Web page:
Because even if it honors three religions instead of one, it still isn't paying homage to the 300 and some other religions recognized by the US Government. The Constitution is clear on this. You either honor all or none, nothing in between.


Why shouldn't all 300 (if they are really unique faiths) be honoured as long as they do not promote any action which would be considered illegal? Do you have a problem with that?

I appreciate I am walking directly into the trap where someone will say 'eeeuuuwww, so I can have a statue of the spaghetti monster on the white house lawn then dude lmao, lmao, lmao" To which if I dignified it with a reply, it would be get a life.


If you can figure out a way to honor every specific religion then I have no problem with it.


It's really easy - honour someone's right - that doesn't mean statues everywhere - it's not a statue of God/Allah that they are talking about removing is it?


It's really easy, just try to keep religious artifacts off of state grounds instead of worrying about acquiescing to everyone's wants.


Exactly!

And scrub every courthouse and public arena in the entire US
of any and all religious symbols
religious writings
be they ancient or modern.
If the writing, statue, or symbol has its origins in a
verifiable religion and is currently being practiced
or was at one time practiced.

Then to be fair, to be just, to be equal
all must go from all courthouses
from all public spaces
from all government buildings
or else
one is discriminating against
one religion in particular,
or 2 religions as in the case
of the 10 Commandments
(Judism, and Christianity)



3 actually, Islam also acknowledges the Old Testament.

ETA: Didn't see this had been acknowledged.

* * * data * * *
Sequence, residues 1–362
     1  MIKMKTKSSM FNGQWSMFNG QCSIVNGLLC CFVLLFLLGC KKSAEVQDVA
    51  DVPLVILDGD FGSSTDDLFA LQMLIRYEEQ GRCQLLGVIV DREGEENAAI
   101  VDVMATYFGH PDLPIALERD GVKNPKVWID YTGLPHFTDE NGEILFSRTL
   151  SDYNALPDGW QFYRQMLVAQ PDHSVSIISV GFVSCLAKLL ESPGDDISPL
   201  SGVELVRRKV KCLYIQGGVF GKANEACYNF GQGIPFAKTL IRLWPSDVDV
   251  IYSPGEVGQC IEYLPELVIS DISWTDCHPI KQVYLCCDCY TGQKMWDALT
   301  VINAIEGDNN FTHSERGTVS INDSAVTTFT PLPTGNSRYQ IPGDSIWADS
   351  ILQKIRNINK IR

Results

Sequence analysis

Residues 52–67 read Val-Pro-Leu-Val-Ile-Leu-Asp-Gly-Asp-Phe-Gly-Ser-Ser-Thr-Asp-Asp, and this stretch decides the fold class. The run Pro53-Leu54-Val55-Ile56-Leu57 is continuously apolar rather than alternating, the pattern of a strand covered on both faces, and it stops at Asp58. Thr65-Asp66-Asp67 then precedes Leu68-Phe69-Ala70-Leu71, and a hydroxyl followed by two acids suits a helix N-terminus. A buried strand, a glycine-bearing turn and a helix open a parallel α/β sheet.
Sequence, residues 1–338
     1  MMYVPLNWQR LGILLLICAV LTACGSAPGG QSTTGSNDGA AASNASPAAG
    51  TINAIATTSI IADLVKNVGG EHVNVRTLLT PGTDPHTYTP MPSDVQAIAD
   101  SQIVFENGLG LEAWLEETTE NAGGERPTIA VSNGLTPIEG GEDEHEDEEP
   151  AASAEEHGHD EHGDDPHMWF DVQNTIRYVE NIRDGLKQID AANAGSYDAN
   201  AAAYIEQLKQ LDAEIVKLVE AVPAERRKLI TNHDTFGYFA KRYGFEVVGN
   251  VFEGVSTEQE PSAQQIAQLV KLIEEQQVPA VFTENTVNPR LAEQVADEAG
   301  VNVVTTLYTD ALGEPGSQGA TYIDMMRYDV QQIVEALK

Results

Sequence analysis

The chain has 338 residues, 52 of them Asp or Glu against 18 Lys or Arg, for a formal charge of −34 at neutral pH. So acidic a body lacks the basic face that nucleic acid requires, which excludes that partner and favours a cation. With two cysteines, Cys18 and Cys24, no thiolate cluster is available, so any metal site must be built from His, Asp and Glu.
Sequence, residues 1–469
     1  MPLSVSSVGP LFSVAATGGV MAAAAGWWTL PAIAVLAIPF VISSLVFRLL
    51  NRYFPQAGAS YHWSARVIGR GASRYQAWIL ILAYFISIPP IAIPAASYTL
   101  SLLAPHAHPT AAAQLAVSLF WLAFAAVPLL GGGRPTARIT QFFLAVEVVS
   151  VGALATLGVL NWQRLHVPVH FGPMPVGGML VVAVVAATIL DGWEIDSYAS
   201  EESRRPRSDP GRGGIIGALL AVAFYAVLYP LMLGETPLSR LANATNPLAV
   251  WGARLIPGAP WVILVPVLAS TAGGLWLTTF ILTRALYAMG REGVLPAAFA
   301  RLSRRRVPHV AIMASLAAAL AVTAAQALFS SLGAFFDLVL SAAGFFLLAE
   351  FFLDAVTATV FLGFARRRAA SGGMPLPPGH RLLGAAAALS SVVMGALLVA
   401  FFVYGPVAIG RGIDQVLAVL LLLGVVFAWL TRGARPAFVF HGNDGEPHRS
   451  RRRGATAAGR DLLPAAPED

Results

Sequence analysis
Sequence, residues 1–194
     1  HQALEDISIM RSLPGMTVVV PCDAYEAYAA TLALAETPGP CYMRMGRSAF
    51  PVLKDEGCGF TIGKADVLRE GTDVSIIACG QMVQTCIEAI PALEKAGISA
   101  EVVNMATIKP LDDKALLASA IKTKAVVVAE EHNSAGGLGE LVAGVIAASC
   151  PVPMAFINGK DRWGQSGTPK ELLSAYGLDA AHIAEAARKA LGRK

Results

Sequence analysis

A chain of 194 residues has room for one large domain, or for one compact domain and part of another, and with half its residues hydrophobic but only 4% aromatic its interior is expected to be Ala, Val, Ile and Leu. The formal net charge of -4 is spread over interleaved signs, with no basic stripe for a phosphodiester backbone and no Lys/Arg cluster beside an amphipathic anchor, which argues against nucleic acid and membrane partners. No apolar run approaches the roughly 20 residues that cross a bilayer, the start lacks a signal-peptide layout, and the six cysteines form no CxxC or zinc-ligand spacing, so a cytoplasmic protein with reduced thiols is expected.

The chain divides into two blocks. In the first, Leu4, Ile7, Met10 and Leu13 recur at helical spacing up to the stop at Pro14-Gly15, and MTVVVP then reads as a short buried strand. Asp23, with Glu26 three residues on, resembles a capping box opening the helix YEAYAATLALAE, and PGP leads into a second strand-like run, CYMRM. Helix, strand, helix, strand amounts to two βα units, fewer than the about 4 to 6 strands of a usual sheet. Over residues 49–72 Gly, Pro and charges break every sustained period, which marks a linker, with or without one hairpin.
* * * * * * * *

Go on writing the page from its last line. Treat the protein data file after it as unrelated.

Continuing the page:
edit on 2-7-2015 by uncommitted because: as per ETA



posted on Jul, 2 2015 @ 12:07 PM
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a reply to: uncommitted

I already don't want the confederate flag flown on state grounds, so you'll get no argument from me on that.



posted on Jul, 2 2015 @ 12:12 PM
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a reply to: grandmakdw

You remain confused...

SCOTUS did not demand the 10 Commandments be removed from the Capitol Grounds...

The Oklahoma Supreme Court did...and their ruling was based on the Oklahoma State Constitution NOT Federal law.

SCOTUS has actually allowed a similar monument to stand on the Texas State Grounds...but the history and the context spoke to a non-secular message...it had been their 40 years without complaint, was donated by a non-secular org and was among 30+ other monuments in a park of varying themes and messages...thus SCOTUS determined that 10 Comm. display to be "predominately non-secular".

SCOTUS ruling on Texas Display
en.wikipedia.org...

Oklahoma Supreme Court Ruling
www.oscn.net...





edit on 2-7-2015 by Indigo5 because: (no reason given)



posted on Jul, 2 2015 @ 12:14 PM
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I have become disgusted with all the posts on this thread
that use the word "Christian" the same way
that people use the N word.
That attitude is spread throughout this thread.

That is one of my main priorities on ATS, to point out that
using the word "Christian" as an insult
is intolerant, judgmental, bigoted, and prejudiced.

Words like these generate hatred for Christians,
words like these are as hurtful as racist words
words like these are as harmful as homophobic words
words like these are as ugly as sexist words.
These kinds of ugly stereotypes divide people and
create hatred.

When you generalize about Christians,
keep in mind
Martin Luther King
and Mother Theresa,
they are part of your generalization of Christians.